Sherlock Holmes never existed but his fictional address of 221B Baker Street still receives a steady flow of letters addressed to the famously intuitive detective.
The latest tribute comes in the form of a Museum of London exhibition opening Thursday entitled "The Man Who Never Lives and Will Never Die" and billed as the biggest in 60 years.
Part and parcel of London's literary universe, Holmes was created in 1886 by the author Arthur Conan Doyle and has lived on in television series, films and video games the world over.
"His profile and the tools of his trade -- pipe, magnifying glass and deerstalker hat -- are instantly recognised across the globe," said Alex Werner, head of the museum's history collections.
The exhibition, which will run until April 2015, divides into three sections -- the first devoted to the books, the second to London in the Victorian era and the third to objects that have anchored the detective's image in the popular imagination.
- Reassuring problem-solver -
The highlights of the show are a handwritten manuscript by Doyle that shows the genesis of the character, and a jacket worn by actor Benedict Cumberbatch in 2011 in the TV series "Sherlock" -- a testament to the enduring power of the detective's image.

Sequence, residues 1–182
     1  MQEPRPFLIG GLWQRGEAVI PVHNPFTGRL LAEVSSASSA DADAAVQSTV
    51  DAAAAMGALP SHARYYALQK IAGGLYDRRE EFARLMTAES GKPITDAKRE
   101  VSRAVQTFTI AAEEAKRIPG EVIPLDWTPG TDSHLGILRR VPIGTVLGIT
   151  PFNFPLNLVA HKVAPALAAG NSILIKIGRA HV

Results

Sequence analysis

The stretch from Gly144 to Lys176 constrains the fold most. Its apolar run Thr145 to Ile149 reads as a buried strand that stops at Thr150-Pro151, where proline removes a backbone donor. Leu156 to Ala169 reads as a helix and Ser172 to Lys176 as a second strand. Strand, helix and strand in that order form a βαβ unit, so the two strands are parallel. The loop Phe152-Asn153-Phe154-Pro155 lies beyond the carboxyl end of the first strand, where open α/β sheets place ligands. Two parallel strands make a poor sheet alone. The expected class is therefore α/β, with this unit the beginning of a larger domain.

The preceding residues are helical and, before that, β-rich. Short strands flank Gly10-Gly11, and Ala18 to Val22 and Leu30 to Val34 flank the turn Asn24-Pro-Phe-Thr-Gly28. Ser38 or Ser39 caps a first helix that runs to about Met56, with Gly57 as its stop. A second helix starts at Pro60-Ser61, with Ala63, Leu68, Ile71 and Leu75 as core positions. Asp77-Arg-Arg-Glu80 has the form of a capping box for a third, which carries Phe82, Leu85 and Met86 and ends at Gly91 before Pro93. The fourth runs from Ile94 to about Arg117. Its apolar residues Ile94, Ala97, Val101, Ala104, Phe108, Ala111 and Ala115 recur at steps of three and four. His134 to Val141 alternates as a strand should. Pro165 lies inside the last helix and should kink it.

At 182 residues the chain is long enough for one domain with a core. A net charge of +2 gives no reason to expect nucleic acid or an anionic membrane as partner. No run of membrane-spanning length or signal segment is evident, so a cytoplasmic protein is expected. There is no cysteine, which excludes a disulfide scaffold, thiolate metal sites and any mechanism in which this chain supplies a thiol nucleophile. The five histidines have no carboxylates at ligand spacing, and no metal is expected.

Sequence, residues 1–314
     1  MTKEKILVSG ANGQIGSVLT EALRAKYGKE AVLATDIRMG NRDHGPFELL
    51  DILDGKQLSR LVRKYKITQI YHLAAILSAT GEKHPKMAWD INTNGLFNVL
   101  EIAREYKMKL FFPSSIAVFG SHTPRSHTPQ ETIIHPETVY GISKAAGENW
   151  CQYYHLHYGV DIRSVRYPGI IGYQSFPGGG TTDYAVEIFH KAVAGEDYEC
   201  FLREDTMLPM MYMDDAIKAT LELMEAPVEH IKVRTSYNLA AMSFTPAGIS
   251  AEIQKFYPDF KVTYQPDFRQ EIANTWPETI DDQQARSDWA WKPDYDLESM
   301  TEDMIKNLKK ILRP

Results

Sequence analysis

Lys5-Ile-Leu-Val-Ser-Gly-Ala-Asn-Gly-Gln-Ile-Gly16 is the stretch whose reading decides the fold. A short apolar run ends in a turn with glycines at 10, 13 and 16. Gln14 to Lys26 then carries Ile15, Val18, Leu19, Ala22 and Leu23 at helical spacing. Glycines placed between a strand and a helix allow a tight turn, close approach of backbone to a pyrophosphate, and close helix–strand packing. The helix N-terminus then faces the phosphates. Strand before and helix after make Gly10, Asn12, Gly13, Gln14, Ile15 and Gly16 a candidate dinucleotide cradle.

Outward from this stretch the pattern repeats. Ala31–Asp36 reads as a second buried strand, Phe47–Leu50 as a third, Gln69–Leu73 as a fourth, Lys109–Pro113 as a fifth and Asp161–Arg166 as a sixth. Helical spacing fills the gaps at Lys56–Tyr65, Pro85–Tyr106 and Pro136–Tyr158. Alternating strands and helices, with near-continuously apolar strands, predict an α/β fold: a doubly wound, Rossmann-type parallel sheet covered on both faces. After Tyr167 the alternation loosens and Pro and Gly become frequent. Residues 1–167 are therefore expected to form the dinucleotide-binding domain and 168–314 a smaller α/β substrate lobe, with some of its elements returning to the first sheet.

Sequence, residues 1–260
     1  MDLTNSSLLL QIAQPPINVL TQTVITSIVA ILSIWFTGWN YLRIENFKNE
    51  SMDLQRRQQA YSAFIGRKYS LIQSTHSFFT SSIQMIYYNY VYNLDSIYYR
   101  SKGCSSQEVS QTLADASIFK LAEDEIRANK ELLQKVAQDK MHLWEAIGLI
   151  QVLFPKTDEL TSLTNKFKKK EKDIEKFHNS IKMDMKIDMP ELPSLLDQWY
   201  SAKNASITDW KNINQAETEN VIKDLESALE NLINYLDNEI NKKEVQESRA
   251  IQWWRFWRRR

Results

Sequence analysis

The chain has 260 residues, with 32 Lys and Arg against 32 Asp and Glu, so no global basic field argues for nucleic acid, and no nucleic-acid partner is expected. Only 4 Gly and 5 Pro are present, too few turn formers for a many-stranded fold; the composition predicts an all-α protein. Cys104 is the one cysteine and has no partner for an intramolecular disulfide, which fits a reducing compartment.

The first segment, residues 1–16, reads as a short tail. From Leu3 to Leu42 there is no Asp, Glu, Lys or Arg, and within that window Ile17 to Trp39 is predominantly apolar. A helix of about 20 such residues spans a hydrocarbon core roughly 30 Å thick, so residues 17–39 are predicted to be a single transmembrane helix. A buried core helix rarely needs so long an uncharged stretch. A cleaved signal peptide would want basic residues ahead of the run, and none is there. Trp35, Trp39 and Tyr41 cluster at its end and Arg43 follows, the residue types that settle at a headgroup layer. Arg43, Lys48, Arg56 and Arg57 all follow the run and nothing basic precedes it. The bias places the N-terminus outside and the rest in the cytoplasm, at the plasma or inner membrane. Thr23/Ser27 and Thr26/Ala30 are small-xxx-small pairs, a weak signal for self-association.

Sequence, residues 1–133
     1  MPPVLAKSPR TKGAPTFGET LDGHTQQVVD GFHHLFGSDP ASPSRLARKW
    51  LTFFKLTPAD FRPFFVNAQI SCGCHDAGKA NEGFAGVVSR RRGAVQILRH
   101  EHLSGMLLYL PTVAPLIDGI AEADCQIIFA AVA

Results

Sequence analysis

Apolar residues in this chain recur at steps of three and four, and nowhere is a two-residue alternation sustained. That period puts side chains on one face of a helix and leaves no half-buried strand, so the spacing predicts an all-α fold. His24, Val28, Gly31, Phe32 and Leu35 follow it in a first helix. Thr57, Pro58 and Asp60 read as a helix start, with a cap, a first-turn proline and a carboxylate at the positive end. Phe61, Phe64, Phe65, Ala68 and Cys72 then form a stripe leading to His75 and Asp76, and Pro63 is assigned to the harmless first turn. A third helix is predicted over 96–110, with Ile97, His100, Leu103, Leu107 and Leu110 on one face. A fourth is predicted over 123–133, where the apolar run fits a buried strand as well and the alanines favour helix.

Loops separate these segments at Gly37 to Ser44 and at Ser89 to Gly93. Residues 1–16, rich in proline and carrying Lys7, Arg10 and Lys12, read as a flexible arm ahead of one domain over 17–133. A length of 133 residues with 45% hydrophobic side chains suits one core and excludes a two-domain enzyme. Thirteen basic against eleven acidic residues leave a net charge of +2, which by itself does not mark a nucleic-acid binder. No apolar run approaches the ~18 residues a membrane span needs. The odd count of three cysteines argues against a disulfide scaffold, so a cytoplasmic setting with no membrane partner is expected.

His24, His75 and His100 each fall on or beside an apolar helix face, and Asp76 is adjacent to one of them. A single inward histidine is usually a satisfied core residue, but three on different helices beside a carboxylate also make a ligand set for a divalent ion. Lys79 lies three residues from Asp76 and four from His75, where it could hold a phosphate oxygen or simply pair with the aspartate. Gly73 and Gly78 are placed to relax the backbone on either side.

Broadcast by the BBC from 2010, this adaptation of Sherlock in a contemporary context proved hugely popular in Britain and has now been sold to more than 180 countries.
"The character has timeless values," said Pat Hardy, one of the museum's curators.
"There is something very reassuring about having a superman in our society, someone that you can go to who will solve your problems.
"In times of change and flux and great technological upheaval, that is something very reassuring and stable," he said.
Once visitors push through a "secret door" in a fake library to begin the exhibition, they are immediately faced with a wall of screens showing the multiple adaptations of Sherlock Holmes in cinema and television.
The Guinness Book of World Records regards the detective as the "most portrayed" human character in history -- just ahead of Hamlet and just behind the "non-human" Dracula.
Despite all the TV fame, Hardy said many people are still finding out about Sherlock through the original books.
"It's a very easy route into English literature for lots of different nationalities," he said.
This has encouraged Conan Doyle's heirs to commission a second Sherlock Holmes book from author Anthony Horowitz, which will be entitled "Moriarty" after Holmes's nemesis.
"The mystery of Sherlock Holmes is as fresh now as when it was written," said Horowitz, who next year will turn his hand to a modern adaptation of another enduring British cult creation -- James Bond.